Stuff. You know.
Don’t worry about a problem, worry at it, said Ian Fleming. Three varied issues today get me worried. I am blogging, so I don’t know yet if I will tell you what any of them are. One I can’t do anything about yet, but may sort to my satisfaction eventually. One I could at least check with a phone call or email. One I should probably start phoning about.
Or I could phone a friend and talk it through or express my feelings. Or meditate, where I find that I find my feelings. Instead I am in my avoidance behaviour. I am not quite worrying about because I block out. I don’t phone H as I usually do each evening.
I am the rabbit in the headlights, terrified into stillness. Outside me, stuff goes on. I will not deal with it this way, and it just gets bigger as I put it off. Avoidance behaviour includes obsessive checking of blog stats: I have eight posts and pages each with over a thousand views, nine more with over five hundred, fifty two with over one hundred, which posts and pages are approaching these landmarks? Though when I write my blog it is more like the spiritual practice of journalling.
Stuff. You know. I withdraw. I worry about it not at it. I worry more and more, do the avoidance behaviour, and beat myself up a bit- when the going gets tough, the tough get going, I rebuke myself sternly. Does this analysis do any good?
I have just found an email I might use, and stored it in a more accessible place. Doing something towards one of these matters. One step at a time.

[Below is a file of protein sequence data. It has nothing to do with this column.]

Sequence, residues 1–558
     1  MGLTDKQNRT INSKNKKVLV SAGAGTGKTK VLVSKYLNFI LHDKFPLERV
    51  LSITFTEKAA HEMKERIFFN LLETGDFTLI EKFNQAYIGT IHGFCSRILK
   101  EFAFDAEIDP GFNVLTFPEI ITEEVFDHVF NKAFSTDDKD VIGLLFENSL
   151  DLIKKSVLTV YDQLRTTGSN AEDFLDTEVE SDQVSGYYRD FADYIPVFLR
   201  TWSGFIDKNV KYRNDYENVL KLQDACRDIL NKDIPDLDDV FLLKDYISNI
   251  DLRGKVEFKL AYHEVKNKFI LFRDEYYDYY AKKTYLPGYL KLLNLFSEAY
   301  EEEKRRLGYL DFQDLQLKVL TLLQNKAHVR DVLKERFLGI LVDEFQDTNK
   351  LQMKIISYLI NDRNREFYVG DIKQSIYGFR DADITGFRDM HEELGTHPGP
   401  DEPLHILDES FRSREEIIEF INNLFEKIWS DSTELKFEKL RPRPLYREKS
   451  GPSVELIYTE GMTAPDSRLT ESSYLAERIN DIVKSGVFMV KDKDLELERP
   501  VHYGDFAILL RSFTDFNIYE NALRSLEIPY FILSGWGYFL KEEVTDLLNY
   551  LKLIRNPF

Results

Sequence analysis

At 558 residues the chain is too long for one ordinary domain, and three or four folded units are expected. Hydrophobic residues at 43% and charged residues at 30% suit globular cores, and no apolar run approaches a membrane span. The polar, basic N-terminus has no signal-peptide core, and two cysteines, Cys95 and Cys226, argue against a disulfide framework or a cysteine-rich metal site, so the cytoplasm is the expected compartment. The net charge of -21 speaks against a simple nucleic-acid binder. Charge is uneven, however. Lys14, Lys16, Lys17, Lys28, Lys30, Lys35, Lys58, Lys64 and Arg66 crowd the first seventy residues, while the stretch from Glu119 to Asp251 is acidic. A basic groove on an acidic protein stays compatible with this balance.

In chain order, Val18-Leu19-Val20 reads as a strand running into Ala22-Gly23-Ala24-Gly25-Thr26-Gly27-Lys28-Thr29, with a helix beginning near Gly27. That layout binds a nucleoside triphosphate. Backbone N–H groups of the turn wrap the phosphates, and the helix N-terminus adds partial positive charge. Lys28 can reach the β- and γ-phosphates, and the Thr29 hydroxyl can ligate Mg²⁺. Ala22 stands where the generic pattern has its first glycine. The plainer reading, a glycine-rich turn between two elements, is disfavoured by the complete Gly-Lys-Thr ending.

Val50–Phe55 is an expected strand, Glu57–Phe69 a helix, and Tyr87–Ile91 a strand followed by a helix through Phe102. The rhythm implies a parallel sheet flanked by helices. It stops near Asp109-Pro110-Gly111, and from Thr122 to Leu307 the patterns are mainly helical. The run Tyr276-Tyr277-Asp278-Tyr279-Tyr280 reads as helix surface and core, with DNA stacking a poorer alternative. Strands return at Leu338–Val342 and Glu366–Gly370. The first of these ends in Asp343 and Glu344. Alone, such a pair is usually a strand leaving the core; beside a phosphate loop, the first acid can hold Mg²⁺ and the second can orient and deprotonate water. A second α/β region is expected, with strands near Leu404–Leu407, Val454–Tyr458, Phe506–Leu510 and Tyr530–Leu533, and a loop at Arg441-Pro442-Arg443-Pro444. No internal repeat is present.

This illustrates my most common internal battle of the last two years. One part, seeming rational, worries about what to do, works out things to do, nags me to do them. Other bit checks the statistics on a particular post, again, or sits numb.
The rabbit in the headlights is what you do when you are damaged. Well, I am damaged.
Oh! It feels like chewing over an old thing, not getting further. The nag and the sulk. No, I don’t want to face my problems. No, I don’t want to go out or call people, or even go to bed where I will lie awake worrying. I want a distraction, which is the root of most addictive behaviour.
Are You in the Driving Seat of Your Life? That’s a good metaphor. “I feel like I’m locked in the boot” was a cartoon response. That’s “trunk” for my American readers. “Depression, anxiety and panic attacks are not a sign of weakness. They are signs of having tried to remain strong for so long,” said a meme a man I might contact about one of these matters shared.
No, I did not tell you, did I.